Rob's Reviews > Henrietta Sees It Through: More News from the Home Front 1942-1945

Henrietta Sees It Through by Joyce Dennys
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's review
Dec 10, 2010

liked it
bookshelves: literary, first-reads
Read from February 12 to 18, 2011 — I own a copy

At first it was a little difficult to get into this novel without having read the predecessor and therefore not knowing the cast of characters but after awhile you begin to appreciate the vignettes for what they are: enjoyable slices of life from the time period of World War II. I think what I found most interesting and notable was the affect war had on gender roles; there are a number of instances where Dennys subtlety reminds the reader that while women were asked to give of themselves as equally as men were their returns and benefits were far lower. One example in particular is of equal compensation for injury during war time attacks, men being compensated greater than were women at the time, it serves a good reminder of are not so distance past.
The epistolary style reminded me of Bridget Jones and one can see how it would have made for a nice read during uncertain times because of the general hopeful tone of the text.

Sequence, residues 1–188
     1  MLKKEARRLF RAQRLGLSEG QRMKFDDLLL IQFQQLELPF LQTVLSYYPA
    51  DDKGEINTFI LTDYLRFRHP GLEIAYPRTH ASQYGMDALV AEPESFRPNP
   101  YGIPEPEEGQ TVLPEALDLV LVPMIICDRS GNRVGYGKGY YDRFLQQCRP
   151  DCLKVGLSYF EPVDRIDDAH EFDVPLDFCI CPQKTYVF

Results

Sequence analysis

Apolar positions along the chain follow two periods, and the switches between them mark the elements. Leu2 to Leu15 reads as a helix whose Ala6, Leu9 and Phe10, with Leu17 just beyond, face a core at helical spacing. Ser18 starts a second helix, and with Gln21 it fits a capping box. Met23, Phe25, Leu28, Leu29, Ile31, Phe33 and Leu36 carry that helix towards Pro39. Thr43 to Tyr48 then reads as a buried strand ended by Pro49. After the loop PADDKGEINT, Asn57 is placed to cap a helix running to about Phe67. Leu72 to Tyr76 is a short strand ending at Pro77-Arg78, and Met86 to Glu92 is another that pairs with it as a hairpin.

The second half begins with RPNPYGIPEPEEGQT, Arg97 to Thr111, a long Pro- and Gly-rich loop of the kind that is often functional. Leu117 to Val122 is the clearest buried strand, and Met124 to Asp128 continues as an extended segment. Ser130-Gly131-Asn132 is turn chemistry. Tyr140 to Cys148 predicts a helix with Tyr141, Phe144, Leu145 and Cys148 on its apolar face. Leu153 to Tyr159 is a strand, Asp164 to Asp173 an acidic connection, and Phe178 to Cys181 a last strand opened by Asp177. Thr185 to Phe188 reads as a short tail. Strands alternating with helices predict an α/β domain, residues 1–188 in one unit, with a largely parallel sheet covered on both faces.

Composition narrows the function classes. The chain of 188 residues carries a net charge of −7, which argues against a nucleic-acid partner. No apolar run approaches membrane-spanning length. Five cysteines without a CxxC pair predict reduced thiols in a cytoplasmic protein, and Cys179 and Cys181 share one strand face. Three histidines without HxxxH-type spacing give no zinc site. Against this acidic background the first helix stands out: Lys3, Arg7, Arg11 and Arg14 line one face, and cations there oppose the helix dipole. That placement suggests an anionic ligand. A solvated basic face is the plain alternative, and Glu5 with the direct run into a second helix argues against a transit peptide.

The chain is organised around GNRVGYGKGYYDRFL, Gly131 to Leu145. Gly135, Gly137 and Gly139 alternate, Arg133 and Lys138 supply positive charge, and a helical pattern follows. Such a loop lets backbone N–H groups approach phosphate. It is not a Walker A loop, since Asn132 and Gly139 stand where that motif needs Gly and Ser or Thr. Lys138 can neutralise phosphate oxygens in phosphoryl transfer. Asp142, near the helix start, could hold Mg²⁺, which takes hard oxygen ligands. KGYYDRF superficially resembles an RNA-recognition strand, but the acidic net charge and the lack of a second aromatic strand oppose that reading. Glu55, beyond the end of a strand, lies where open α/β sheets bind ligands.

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Quotes Rob Liked

Joyce Dennys
“Living in a small town...is like living in a large family of rather uncongenial relations. Sometimes it’s fun, and sometimes it’s perfectly awful, but it’s always good for you. People in large towns are like only-children.”
Joyce Dennys, Henrietta Sees It Through: More News from the Home Front 1942-1945

Joyce Dennys
“...‘All this suffering,’ I said, ‘and nothing but greed and violence to build on when the war is over.’
‘Have another soda-mint,’ said Charles.
I had one. Then I said, ‘Why are we here? That’s what I don’t understand. Why be here at all when it all has to be so beastly?’
‘I suppose we just came, like mould on cheese.’
‘Then why do we want to be happy? Mould on cheese doesn’t want to be happy.’ ...”
Joyce Dennys, Henrietta Sees It Through: More News from the Home Front 1942-1945


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